I watched with a mix of amusement and gleeful horror at the last Republican Party entertainment political show that shoved the very essence and meaning of debate straight out of the proverbial window. It was an event full of fury, insults, petty bickering, jockeying for who is the most Ronald Reagan like, than Reagan himself, untruths, half-truths, and rank opportunism all rolled up in one. It was a fetid political cesspool with the GOP's presidential wannabes writhing and flapping about in the squalid pool that is fast becoming a "swirling black hole" -- where the gravitational pull is so strong that you can only enter but never get out.
I'd long ago concluded that U.S. politics, like American football, is legalized blood sport. But, to date, the 2016 presidential election season has out did itself for the sheer animosity and loathing between the GOP's presidential candidates. The last "debate," and I use that word cautiously and guardedly, produced a glimpse of the two parallel GOP universes; ergo, Trump detests Jeb Bush, who hates Marco Rubio, who hates Ted Cruz and who everybody (on the stage) hates. Confusing? Not in the least from a party whose first parallel universe is divorced from all reality. This universe is characterized by unusually loud individual cacophonies, shrill, jarring and continuous, insufferable bombast, and egomaniacal preening.
In both these universes "up is down and down is up." And the master of both universes is none other than Donald Trump. Consider the following: Trump levels uncalled for and unfair criticisms at Mexico and Mexicans by arguing, without foundation or facts, that Mexicans entering the United States are "rapists and criminals." The rebuke of Trump from BOTH the Right and Left of the U.S. political spectrum is muted, limited, measured and tepid. Sheepishly, they conclude that "that's Trump and he always says outrageous things. It's nothing new."
Such crass apologicism and excuses for a man who wastes no opportunity to call those who disagree with him "stupid," and whose attacks on a female journalist, who tried to challenge him on his record, drew little support from her own TV station or colleagues in the mainstream media, spoke volumes about the state of politics in the United States and the growing insensitivity and mental numbness of the media and pundit class for political bullies and a penchant for genuflecting to billionaires and millionaires in politics.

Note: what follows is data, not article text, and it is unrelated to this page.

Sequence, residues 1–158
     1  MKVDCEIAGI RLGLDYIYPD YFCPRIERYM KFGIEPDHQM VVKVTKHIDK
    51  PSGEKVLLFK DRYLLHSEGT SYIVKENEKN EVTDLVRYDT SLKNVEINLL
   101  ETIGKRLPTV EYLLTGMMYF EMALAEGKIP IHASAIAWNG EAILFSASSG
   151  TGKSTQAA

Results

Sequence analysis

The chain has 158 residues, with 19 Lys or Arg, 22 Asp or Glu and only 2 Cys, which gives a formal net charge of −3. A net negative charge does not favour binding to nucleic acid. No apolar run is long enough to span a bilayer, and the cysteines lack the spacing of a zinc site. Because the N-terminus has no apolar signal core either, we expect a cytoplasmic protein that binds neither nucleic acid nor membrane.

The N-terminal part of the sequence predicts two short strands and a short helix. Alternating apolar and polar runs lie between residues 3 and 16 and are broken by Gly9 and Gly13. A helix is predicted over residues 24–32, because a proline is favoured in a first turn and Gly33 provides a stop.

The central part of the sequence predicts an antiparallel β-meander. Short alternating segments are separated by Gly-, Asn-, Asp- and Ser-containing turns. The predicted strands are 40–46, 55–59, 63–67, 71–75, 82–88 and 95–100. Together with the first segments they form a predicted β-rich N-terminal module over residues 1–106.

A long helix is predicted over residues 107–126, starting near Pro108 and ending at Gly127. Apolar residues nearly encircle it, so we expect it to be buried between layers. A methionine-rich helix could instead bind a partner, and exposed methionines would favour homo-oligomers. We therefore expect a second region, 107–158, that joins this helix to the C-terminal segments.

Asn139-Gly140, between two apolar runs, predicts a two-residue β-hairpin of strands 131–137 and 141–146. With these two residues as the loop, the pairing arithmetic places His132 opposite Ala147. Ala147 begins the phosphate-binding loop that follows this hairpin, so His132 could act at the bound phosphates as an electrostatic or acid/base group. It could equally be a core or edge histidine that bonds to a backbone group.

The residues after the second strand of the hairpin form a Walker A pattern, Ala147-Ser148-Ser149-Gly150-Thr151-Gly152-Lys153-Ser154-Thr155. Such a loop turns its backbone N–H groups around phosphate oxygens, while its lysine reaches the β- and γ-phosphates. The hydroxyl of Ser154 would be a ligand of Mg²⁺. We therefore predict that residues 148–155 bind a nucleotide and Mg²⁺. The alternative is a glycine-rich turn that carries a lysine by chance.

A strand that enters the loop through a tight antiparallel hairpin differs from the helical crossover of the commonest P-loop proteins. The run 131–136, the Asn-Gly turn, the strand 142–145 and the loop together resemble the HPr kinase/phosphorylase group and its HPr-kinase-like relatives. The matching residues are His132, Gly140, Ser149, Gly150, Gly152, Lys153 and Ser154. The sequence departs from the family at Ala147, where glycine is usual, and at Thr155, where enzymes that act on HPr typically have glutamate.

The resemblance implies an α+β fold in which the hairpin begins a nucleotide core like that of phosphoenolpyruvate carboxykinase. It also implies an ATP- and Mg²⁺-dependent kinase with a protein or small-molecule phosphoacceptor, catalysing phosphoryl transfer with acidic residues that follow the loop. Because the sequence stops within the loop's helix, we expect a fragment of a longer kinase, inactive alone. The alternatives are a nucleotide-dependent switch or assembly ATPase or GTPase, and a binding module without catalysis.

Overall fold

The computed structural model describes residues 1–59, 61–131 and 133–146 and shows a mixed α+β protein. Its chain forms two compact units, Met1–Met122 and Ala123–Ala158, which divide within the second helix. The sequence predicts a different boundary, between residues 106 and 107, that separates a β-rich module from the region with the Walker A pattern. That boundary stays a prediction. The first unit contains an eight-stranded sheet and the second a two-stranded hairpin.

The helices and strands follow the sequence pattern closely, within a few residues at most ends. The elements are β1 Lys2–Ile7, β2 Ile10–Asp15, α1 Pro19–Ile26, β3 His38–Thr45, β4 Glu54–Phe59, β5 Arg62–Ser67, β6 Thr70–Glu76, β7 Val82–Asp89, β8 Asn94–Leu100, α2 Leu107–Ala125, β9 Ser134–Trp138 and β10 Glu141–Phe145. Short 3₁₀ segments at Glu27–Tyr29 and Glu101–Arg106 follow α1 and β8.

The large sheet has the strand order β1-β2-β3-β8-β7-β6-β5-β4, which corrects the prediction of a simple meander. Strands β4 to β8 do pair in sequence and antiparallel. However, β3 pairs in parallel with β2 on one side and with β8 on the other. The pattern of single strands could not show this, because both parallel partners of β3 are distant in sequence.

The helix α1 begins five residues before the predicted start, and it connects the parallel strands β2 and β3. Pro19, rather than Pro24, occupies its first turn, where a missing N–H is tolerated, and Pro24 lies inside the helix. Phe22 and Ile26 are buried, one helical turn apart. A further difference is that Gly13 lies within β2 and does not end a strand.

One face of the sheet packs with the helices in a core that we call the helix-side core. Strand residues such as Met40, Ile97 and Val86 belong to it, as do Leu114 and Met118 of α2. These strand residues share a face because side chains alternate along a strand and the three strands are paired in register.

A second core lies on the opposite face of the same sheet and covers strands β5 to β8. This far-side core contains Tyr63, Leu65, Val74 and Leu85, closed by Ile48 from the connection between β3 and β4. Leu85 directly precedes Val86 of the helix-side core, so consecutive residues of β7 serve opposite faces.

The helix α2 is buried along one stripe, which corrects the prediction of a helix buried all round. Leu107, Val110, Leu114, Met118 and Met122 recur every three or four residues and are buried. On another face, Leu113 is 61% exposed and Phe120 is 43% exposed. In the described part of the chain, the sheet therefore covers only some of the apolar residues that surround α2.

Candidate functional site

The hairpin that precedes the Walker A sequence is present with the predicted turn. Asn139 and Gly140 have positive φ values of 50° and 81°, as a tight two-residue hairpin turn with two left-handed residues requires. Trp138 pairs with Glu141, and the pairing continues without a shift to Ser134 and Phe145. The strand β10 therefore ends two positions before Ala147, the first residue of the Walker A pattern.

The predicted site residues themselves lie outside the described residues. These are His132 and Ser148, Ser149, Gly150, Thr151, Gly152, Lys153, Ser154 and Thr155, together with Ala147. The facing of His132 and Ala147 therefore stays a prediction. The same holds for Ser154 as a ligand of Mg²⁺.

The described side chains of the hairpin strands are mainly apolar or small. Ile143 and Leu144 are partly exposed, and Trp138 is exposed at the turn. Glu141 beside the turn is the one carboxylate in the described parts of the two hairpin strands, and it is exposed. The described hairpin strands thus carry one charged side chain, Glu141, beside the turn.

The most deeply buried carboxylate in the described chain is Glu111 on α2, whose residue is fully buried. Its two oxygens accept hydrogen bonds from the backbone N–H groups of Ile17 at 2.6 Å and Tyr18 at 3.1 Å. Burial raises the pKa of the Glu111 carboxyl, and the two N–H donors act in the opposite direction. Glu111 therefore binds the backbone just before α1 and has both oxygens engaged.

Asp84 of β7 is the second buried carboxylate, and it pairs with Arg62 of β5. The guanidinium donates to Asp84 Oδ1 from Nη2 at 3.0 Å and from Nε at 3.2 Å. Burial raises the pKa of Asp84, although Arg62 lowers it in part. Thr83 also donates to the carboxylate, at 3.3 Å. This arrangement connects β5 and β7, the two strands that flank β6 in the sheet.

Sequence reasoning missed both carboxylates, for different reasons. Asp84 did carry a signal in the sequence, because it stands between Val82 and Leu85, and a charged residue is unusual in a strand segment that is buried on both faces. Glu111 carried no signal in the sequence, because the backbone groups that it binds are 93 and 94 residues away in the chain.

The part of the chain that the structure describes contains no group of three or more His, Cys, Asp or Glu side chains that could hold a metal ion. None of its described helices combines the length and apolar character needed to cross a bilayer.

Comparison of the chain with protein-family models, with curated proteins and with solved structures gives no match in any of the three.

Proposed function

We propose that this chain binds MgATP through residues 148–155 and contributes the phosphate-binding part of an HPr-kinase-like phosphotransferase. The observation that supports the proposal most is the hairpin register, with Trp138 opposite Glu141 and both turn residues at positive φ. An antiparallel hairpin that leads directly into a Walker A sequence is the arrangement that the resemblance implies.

Next, Trump decided in the wake of the Colorado shooting to "ban Muslims from coming to the United States," and between debates he calls Senator Ted Cruz, one of his rivals, a "nasty guy." No political consequences. Period. Meanwhile, the response from the mainstream media is still even more tepid as Trump remains the "front runner" and Sunday morning pundits and talking heads salivate over his "unstoppable poll numbers." Nobody calls out Trump. Soooo, not to be outdone, enter Ted Cruz and Marco Rubio et al, with Cruz saying that he'd "carpet bomb ISIS," and Rubio The Robot (Rubiobot) repeating over and over that "Barack Obama wants to change America" -- what the that means.
So you see the problem? These guys are operating in one topsy-turvy; up is down and down is up universe that they continue to enhance with each public showing. But the last debate was really the icing on the cake. Ironically, it jettisoned into the farcical and absurd when Donald Trump told the truth -- for the first time. He pointedly said that the George W. Bush Administration lied to the American people in order to get support for an unnecessary war in Iraq, a country that was not responsible for 9/11. Trump, then on a roll, thundered that President George Bush failed to keep American safe and that "9/11 happened on his watch." He further said that Bush failed to kill Osama bin Laden on numerous times, insinuating that there were many missed opportunities to do so.
So for the very first time Donald Trump crossed the GOP's "Do Not Go There" Red Line. It was all right when he was mouthing off against just about everybody, pushing a xenophobic, nativist agenda, behaved as a woman-hating bully, and consistently used bellicose unpresidential language to insult his colleagues, ethnic groups and people he did not like. He's the guy who called people "stupid" and one of the rivals Jeb Bush, the brother of former president, George Bush, "low energy."